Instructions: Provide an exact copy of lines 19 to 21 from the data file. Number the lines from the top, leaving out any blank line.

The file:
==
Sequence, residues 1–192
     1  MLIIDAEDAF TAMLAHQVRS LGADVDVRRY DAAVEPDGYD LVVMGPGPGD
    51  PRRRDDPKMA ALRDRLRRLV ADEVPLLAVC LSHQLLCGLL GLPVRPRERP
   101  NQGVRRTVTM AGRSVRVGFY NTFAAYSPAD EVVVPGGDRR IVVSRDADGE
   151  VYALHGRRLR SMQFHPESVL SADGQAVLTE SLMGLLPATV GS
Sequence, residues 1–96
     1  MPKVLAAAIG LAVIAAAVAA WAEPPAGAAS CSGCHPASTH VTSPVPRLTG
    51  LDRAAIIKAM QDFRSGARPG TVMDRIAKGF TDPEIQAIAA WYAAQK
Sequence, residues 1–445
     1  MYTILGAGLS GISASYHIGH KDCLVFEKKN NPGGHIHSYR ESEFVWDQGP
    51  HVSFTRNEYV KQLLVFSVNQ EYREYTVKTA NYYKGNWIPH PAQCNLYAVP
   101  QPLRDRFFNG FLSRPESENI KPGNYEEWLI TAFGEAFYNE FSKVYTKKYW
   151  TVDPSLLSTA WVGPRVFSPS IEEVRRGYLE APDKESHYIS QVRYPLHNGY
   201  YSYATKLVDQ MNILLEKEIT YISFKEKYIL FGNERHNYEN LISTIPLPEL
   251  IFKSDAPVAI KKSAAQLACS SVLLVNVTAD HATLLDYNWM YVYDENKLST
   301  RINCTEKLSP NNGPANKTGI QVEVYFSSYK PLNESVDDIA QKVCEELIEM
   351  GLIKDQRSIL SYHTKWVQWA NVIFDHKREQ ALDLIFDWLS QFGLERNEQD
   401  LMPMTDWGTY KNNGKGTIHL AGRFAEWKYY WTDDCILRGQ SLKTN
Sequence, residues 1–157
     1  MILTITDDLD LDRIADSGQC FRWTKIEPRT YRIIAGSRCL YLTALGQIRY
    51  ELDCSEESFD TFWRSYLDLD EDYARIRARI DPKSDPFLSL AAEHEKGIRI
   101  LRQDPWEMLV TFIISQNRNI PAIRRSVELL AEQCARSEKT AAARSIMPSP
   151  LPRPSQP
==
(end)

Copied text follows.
Sequence, residues 1–157
     1  MILTITDDLD LDRIADSGQC FRWTKIEPRT YRIIAGSRCL YLTALGQIRY
    51  ELDCSEESFD TFWRSYLDLD EDYARIRARI DPKSDPFLSL AAEHEKGIRI